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Odd Wisconsin Archive

If You Look At It Right

Besides the pleasure it gives, history is a powerful tool for teaching young people to think critically. By giving them primary sources to analyze and requiring them to explain conflicting viewpoints, educators help kids develop skills that will serve them the rest of their lives.

With this in mind, some years ago our Office of School Services designed a lesson plan based on conflicting descriptions of two battles in the Black Hawk War. It asks students to read the versions of events that U.S. Army leaders provided in reports to their superiors and contrast them with the versions recorded in Black Hawk's autobiography. (Starting this week, we are streaming out a different Black Hawk War document each day at our Historic Diaries site, which will greatly expand the opportunities for educators teaching this pivotal event.)

Similarly, our online collections attempt to provide multiple perspectives, no matter how odd they may seem today. For instance, 19th-century white settlers didn't know what to make of the remarkable effigy mounds they found in Wisconsin. Some of them proposed that they'd been made by one of the Lost Tribes of Israel, or by a mysterious race of Mound Builders who had lived here for a time and departed. These sorts of documents are included at Turning Points in Wisconsin History not because they're historically accurate but to enable teachers and students to develop analytical powers by critiquing them.

This is especially important now that almost anyone with a computer can become an author and promote their views to thousands of readers. In recent years, post-modern ideas about authorship -- especially, the concept that meaning is made in the mind of the reader, not in the text created by the author -- have undermined traditional standards of historical veracity. A character on the 1980s "Cagney & Lacey" television show phrased this nicely when she said, "I don't believe in truth. I only believe in point of view."

This perspective is especially dangerous when applied uncritically to the overwhelming amount of information that the Internet provides. It prompts many young people, in particular, to assume all Web sites are equally authoritative, or to consider all opinions equally valid. It can allow blatantly absurd claims, such as that the Holocaust didn't happen or that aliens created the pyramids under Rock Lake, to go unchallenged.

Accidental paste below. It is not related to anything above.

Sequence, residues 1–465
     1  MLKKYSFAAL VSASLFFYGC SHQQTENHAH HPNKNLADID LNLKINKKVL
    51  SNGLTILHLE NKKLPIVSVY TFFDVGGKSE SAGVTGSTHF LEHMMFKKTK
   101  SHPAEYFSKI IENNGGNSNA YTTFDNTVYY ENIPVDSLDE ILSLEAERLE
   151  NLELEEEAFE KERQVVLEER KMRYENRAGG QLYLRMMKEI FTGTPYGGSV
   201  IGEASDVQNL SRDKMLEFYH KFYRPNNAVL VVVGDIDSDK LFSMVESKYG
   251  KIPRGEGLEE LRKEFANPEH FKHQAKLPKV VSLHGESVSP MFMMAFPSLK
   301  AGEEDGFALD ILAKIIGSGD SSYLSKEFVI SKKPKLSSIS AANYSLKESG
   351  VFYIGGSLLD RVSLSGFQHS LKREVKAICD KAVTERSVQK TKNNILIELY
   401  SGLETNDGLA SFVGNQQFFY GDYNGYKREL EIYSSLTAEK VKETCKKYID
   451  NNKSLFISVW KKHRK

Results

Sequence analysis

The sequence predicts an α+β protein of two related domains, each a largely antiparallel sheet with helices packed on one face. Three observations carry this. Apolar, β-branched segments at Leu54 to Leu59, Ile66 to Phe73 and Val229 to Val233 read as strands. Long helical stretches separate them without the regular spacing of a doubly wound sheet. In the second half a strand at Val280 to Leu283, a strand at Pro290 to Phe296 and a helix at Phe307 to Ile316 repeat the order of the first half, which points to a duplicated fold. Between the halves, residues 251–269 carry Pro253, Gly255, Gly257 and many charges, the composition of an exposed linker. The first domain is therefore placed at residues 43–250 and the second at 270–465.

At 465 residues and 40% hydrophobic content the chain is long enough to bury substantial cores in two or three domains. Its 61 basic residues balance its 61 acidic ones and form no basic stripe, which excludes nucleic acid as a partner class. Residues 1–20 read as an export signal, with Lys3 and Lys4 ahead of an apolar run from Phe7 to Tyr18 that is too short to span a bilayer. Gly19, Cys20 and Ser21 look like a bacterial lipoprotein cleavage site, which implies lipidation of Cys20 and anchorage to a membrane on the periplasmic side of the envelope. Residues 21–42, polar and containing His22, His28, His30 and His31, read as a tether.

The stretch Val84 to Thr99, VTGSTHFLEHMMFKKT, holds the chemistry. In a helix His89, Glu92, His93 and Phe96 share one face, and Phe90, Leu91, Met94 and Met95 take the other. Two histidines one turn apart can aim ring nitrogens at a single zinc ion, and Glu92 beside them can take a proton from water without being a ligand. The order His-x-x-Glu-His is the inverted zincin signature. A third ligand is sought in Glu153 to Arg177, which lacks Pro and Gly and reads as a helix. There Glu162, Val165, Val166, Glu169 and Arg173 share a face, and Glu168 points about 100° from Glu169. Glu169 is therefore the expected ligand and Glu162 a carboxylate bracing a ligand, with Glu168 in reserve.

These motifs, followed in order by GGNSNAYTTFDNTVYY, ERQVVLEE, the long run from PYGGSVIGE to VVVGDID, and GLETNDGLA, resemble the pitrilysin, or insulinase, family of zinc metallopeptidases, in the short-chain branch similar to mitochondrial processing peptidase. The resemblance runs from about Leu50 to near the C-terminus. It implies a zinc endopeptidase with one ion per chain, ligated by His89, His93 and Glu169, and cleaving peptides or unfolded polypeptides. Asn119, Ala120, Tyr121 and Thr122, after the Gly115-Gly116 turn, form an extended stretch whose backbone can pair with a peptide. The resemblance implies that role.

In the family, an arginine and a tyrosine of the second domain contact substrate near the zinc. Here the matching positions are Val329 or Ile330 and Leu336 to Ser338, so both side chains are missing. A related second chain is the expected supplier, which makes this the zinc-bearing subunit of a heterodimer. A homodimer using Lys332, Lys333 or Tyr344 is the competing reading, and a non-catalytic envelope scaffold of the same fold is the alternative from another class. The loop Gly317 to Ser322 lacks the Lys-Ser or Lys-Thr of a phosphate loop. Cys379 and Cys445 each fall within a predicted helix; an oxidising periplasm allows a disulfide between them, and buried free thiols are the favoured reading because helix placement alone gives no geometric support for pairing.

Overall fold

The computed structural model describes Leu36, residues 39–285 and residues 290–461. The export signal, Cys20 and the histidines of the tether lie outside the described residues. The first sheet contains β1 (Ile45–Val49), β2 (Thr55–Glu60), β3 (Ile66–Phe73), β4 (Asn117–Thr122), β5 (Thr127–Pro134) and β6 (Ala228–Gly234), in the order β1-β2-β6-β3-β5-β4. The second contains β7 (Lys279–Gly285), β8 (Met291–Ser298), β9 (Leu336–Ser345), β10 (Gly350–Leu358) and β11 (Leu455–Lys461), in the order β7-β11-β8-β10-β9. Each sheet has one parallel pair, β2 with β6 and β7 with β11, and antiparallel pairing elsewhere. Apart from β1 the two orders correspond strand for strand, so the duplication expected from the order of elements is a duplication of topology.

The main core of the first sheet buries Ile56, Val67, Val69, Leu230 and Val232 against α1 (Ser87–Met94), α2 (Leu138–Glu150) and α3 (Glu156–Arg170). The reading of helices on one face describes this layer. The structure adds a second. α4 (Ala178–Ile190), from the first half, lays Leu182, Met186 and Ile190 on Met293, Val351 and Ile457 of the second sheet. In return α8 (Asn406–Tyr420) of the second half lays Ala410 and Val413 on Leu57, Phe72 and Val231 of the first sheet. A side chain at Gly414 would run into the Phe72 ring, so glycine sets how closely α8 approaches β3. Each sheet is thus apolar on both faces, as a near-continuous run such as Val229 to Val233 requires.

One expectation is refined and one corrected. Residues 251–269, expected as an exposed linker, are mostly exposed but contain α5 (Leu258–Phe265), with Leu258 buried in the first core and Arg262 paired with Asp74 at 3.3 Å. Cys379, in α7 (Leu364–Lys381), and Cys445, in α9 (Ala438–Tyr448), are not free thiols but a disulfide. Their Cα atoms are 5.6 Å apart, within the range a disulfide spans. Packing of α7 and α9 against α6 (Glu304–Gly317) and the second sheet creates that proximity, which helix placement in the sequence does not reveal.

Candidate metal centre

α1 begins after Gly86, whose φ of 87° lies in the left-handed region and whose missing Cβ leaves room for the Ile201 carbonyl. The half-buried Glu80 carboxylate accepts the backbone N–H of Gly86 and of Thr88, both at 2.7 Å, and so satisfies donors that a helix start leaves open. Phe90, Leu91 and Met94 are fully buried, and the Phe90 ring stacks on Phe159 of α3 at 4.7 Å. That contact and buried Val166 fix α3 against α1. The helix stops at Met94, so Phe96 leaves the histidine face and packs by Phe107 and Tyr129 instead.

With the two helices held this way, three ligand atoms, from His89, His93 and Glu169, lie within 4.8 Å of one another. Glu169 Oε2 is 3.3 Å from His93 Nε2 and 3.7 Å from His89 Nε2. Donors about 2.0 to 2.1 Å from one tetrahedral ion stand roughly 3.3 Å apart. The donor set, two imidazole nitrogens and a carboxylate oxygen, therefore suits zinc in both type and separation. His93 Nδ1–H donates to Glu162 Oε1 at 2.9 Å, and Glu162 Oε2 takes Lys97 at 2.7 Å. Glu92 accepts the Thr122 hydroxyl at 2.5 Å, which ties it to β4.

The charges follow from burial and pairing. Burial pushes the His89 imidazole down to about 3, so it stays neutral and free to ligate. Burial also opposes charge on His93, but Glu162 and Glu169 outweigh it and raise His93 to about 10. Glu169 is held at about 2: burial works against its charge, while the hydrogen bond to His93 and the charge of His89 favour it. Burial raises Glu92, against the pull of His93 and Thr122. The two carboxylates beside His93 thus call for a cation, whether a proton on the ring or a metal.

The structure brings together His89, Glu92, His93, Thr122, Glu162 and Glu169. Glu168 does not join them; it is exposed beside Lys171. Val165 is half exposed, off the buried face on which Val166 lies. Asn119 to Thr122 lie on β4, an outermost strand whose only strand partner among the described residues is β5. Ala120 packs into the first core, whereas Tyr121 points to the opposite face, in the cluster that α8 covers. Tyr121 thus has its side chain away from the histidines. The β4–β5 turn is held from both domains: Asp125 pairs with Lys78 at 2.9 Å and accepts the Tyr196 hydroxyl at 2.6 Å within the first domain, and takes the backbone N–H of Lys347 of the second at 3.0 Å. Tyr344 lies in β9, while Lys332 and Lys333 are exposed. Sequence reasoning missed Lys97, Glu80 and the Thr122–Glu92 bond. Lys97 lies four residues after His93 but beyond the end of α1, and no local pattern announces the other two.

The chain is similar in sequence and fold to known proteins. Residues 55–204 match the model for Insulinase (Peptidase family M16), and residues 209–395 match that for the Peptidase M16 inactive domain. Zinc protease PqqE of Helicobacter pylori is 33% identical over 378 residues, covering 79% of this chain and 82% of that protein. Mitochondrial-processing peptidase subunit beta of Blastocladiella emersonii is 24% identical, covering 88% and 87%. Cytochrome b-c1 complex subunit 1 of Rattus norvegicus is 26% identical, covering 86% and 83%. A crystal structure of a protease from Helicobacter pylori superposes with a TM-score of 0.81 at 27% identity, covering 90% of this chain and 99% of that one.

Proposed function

The post-modernists may be correct that meaning is made in our minds while we read a text, rather than when the author types it on a keyboard. But that does not imply that all ideas that enter our minds are equally trustworthy. Just a few moments of quietly observing one's own thoughts flit from place to place, like a butterfly in a perennial garden or a dry leaf on the wind, reveals how treacherous our untrained thinking can be.

To sort out conflicting evidence, choose what to believe, and decide how to act, young people need to possess critical thinking skills (so do the rest of us, of course). History classes, and programs such as National History Day, are excellent devices for teaching those skills.

We take seriously our responsibility to help educators in this important work. That's why we visit classrooms, lead teachers' workshops, prepare online materials such as this critical thinking handbook, give conference presentations, publish books, and respond many times a day to incoming questions from students and teachers.

History may be great fun for some of us, but we're probably eccentric. More importantly, it's a crucial tool in helping every young person become a thoughtful, responsible citizen.

:: Posted in Curiosities on April 1, 2007

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